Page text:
This Key Event Relationship is licensed under the Creative Commons BY-SA license. This license allows reusers to distribute, remix, adapt, and build upon the material in any medium or format, so long as attribution is given to the creator. The license allows for commercial use. If you remix, adapt, or build upon the material, you must license the modified material under identical terms.

Relationship: 1512


A descriptive phrase which clearly defines the two KEs being considered and the sequential relationship between them (i.e., which is upstream, and which is downstream). More help

Activation of Cyp2E1 leads to Oxidative Stress

Upstream event
The causing Key Event (KE) in a Key Event Relationship (KER). More help
Downstream event
The responding Key Event (KE) in a Key Event Relationship (KER). More help

Key Event Relationship Overview

The utility of AOPs for regulatory application is defined, to a large extent, by the confidence and precision with which they facilitate extrapolation of data measured at low levels of biological organisation to predicted outcomes at higher levels of organisation and the extent to which they can link biological effect measurements to their specific causes.Within the AOP framework, the predictive relationships that facilitate extrapolation are represented by the KERs. Consequently, the overall WoE for an AOP is a reflection in part, of the level of confidence in the underlying series of KERs it encompasses. Therefore, describing the KERs in an AOP involves assembling and organising the types of information and evidence that defines the scientific basis for inferring the probable change in, or state of, a downstream KE from the known or measured state of an upstream KE. More help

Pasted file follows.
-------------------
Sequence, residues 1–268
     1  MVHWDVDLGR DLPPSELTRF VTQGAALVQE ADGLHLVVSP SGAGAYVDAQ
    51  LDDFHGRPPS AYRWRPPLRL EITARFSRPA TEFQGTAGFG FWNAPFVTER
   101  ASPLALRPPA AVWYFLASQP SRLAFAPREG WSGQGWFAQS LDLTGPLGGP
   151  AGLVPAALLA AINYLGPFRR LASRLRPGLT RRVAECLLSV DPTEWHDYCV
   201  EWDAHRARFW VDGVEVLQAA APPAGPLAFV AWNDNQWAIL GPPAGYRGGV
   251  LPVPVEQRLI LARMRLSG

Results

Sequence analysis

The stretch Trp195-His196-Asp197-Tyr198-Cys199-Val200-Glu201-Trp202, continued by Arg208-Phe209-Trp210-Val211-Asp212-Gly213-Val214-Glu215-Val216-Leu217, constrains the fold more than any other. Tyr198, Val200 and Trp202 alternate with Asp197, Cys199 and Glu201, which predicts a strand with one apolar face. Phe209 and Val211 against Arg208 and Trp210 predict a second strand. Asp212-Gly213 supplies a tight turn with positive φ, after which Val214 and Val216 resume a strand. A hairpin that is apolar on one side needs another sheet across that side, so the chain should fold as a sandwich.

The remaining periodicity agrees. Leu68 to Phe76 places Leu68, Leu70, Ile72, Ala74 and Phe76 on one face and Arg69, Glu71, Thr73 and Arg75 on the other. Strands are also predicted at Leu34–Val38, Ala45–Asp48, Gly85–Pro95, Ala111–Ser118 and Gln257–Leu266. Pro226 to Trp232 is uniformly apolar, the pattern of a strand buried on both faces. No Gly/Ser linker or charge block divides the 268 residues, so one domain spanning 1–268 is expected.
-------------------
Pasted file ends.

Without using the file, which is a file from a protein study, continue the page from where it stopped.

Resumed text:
AOPs Referencing Relationship

AOP Name Adjacency Weight of Evidence Quantitative Understanding Point of Contact Author Status OECD Status
Cyp2E1 Activation Leading to Liver Cancer adjacent High Not Specified Francina Webster (send email) Open for citation & comment WPHA/WNT Endorsed

Taxonomic Applicability

Latin or common names of a species or broader taxonomic grouping (e.g., class, order, family) that help to define the biological applicability domain of the KER.In general, this will be dictated by the more restrictive of the two KEs being linked together by the KER.  More help